HK$14m revamp of Hong Kong Star Ferry looks to make waves with sofas, glass roof and diesel-electric generator
World Star will set sail this month serving route from Tsim Sha Tsui to Disneyland and offering tourist tours of Victoria Harbour
A decommissioned Star Ferry will soon set sail in Victoria Harbour again after a HK$14 million transformation saw its upper deck revamped with luxurious sofas and a glass roof and the vessel fitted with a diesel-electric generator to drastically cut pollution.
Named the World Star, the ferry will start serving a new route between Tsim Sha Tsui and Disneyland on Lantau Island as early as the end of this month.
Star Ferry general manager Johnny Leung Tak-hing said fares would be about HK$180 per round trip. Sailings will depart in the mornings daily from the Star Ferry Pier in Tsim Sha Tsui, with the return trip late in the afternoon passing by the landmarks of the Tsing Ma Bridge and the Kwai Chung container terminals. Each journey will last about 45 minutes and accommodate a maximum of 180 passengers.
Currently no ferry route serves the Disney resort, which is located at Sunny Bay. The ferry operator said it believed the new service would draw both tourists and locals.
In the evening, meanwhile, the World Star will take tourists out on one-hour tours to catch a glimpse of the famous skyline along Victoria Harbour. Tickets will cost HK$200.
The ferry will also be available for charter hire, catering to corporate events and weddings.
“What’s special is that World Star can set sail to any destination in Hong Kong waters, unlike its counterparts which are fixed to certain routes and piers,” Leung said.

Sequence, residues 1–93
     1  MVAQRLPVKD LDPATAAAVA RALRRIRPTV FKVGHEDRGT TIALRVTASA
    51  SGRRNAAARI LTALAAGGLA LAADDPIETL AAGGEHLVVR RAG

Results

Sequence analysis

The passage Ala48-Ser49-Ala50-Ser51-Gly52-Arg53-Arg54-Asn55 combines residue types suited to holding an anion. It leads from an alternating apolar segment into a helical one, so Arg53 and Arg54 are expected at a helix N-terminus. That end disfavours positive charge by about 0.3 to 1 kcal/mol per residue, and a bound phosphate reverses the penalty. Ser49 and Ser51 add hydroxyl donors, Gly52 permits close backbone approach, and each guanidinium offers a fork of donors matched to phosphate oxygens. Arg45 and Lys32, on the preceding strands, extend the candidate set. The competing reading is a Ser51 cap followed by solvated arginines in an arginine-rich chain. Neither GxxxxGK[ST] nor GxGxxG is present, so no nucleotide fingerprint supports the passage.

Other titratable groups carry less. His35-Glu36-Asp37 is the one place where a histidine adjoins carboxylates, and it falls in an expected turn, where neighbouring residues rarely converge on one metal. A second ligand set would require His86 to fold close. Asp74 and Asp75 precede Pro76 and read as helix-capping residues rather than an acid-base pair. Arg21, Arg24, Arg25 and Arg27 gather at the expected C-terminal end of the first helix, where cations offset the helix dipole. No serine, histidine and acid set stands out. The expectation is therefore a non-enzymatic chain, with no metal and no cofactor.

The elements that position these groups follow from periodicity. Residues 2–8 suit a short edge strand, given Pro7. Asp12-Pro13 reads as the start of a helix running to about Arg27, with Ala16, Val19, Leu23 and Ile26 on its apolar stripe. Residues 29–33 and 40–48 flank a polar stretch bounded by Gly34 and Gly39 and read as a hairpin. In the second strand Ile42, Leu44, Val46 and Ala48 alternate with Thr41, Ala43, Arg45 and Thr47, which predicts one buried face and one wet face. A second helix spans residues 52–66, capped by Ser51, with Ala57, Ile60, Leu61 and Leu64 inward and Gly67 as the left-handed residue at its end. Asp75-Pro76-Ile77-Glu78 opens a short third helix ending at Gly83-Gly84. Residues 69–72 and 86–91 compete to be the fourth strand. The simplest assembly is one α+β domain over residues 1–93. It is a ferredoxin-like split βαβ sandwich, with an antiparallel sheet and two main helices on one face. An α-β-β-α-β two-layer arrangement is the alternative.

Operations manager Samson Leung Shui-kin revealed it had taken the team one year to retrofit the World Star with a modern diesel generator. The vessel was previously retired in 2011 after its Hung Hom to Wan Chai route was scrapped.
By replacing the old diesel combustion engine, the level of sulphur dioxide emitted by the vessel has been reduced by 95 per cent, which passes the latest tier 3 standards laid down by the United States Environmental Protection Agency.
“You can see there is actually no smoke coming out from the chimney,” Samson Leung said.
Boasting a glass roof and giant windows, part of the upper deck is now air conditioned with sofa chairs and coffee tables for a more comfortable journey in all weather conditions.
The conversion was subsidised by a HK$4.1 million grant from the Environmental Protection Department’s Pilot Green Transport Fund. The operator said it remained to be seen whether more ferries would undergo similar retrofitting.